The American Cancer Society defines a cancer recurrence as “the return of cancer after treatment and after a period of time during which the cancer cannot be detected.” Most doctors will say a cancer has recurred if the disease returns after having been undetectable for more than a year. However, the period of time is not strictly defined. For cancer survivors, the fear of cancer coming back is part of everyday life.
It is impossible to predict whether cancer will come back, but doctors know that aggressive, fast-growing cancers like mesothelioma are more likely to recur, as are advanced and widespread cancers. Some believe mesothelioma recurrence is unavoidable because the disease spreads through the lining of the lungs and abdomen, close to the organs, and is difficult for doctors to remove in its entirety.
Cancer Recurrence and Cancer Progression
Cancer recurrence is different from cancer progression. Most doctors will say cancer has progressed if it comes back less than three months after treatment. Progression likely happens because the cancer is resistant to treatment, or because surgeons left behind small, undetectable clusters of cancer cells that continued to grow.
Recurrent cancer also starts with cancer cells missed by the first treatment, or when normal cells once again develop DNA damage. When cancer recurs, it may be in the same place, or a local recurrence. It may also develop near the original disease site, such as the lymph nodes, which is called a regional recurrence. Sometimes the same cancer will spread to a different part of the body, which is called a distant recurrence; in this case, doctors will say the cancer has metastasized.
Tips for Coping with Recurrence
Learning that cancer has returned may be more upsetting than the original diagnosis, as recurring cancers may be harder to treat or control, and may require more aggressive treatment. The American Society of Clinical Oncology (ASCO) says “shock, disbelief, anxiety, fear, anger, grief and a sense of loss of control are common emotions.”
However, patients facing a recurring cancer diagnosis are well-equipped to navigate a second round of treatment. They are well-versed in the disease and treatment options, they understand the medical and insurance systems, and have existing relationships with doctors and other healthcare professionals.
For those patients, here are some simple tips to consider when facing cancer recurrence:
Talk to Your Doctor
Some patients begin to second-guess their original treatment decisions, or start to doubt their doctor’s judgment. In this case, The American Cancer Society (ACS) recommends patients talk to their doctors, and if the concerns can’t be resolved, to find a new health care team. If patients feel unsure about whether to continue treatment at all, seek out a second opinion. Patients should remember that ultimately, the decision about whether to pursue aggressive treatment or seek out supportive and palliative care is up to them.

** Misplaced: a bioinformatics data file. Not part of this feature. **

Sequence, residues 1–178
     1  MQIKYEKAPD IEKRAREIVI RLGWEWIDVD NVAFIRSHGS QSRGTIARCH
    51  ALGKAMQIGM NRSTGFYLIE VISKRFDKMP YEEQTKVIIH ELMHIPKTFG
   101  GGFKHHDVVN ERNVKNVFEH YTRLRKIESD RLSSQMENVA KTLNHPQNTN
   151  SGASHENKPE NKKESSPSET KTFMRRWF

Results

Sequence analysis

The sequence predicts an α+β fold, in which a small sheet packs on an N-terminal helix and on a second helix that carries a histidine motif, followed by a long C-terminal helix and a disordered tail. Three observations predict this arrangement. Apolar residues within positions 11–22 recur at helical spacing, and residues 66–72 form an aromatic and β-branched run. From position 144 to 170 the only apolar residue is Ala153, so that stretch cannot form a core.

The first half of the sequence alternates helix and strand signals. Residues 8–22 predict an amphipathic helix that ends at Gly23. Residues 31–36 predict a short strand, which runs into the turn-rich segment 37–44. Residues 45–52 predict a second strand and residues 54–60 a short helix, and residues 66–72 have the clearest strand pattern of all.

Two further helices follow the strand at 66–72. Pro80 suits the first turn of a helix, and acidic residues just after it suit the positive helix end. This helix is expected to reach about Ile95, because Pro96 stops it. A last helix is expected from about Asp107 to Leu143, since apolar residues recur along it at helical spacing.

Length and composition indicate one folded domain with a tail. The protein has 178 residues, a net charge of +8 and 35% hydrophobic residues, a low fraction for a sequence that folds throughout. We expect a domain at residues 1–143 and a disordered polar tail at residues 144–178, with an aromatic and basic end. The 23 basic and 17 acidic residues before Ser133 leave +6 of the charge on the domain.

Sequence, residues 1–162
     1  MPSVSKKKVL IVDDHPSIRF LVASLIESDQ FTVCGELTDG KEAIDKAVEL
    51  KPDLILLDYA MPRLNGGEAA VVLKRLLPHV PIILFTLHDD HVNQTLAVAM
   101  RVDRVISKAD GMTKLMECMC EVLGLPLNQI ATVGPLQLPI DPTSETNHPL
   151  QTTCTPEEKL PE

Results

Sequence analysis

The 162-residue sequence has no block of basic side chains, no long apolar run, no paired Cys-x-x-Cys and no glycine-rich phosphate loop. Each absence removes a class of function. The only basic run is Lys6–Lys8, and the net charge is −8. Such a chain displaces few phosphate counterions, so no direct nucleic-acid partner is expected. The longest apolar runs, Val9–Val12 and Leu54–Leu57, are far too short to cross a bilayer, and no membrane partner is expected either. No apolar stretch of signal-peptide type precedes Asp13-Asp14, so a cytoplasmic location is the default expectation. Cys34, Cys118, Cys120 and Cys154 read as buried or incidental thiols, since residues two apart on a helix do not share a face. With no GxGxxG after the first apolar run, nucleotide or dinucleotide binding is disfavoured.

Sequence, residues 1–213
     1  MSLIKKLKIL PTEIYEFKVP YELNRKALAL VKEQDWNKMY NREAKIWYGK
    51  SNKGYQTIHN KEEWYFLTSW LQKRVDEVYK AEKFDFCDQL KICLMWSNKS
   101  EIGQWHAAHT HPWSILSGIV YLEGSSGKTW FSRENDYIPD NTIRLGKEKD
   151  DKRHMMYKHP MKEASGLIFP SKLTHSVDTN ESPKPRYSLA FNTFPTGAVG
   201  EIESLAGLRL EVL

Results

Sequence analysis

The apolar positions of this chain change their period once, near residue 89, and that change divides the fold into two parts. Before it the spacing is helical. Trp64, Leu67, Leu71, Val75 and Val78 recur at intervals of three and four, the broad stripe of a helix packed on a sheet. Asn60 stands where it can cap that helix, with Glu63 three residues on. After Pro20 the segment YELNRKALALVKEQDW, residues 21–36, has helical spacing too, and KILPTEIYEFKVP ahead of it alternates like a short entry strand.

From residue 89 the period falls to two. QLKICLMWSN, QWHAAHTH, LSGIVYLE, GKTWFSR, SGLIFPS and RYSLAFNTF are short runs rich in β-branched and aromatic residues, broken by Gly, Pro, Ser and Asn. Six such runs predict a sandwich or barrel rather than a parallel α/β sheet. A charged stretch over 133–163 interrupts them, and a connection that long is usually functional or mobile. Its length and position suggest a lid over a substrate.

Seek Support and Alternative Therapy
Other patients worry about the financial consequences of a recurring cancer diagnosis, or question whether they will have the physical and emotional stamina to endure more chemotherapy, radiation or surgery. There are many places to find support.
The ACS recommends finding an individual counselor or support group, as studies show that patients who take part in support groups experience an improved quality of life, including better sleep and a boost in appetite.
A 2007 study found that spiritual support also significantly improved cancer patients’ quality of life. “As physical health wanes, spiritual health may increasingly play a central role in determining patient well-being,” the authors wrote.
For an alternative therapy option, meditation has also been shown to improve mental health when fighting cancer. A sweeping 2009 study showed patients who practiced a form of meditation called Mindfulness Based Stress Reduction (MBSR) showed lower levels of anxiety, depression, stress and distress.
Acknowledge Your Feelings
Experts roundly agree that patients should not blame themselves for the recurrence. The ACS says “there is nothing you could have done to make sure the cancer would not come back.” Those who feel guilty for making lifestyle choices like smoking or tanning must work to forgive themselves.
Patients should accept that anguish and sorrow are a normal response to a recurring cancer diagnosis, and reject “positive attitude myths” that suggest they are responsible for their own illness because they think negative thoughts.
“This kind of message is destructive to people who are dealing with cancer and recurrence,” the organization says. “They are fighting for their lives and then are told they are responsible for their own illness.” Which is, of course, not the case.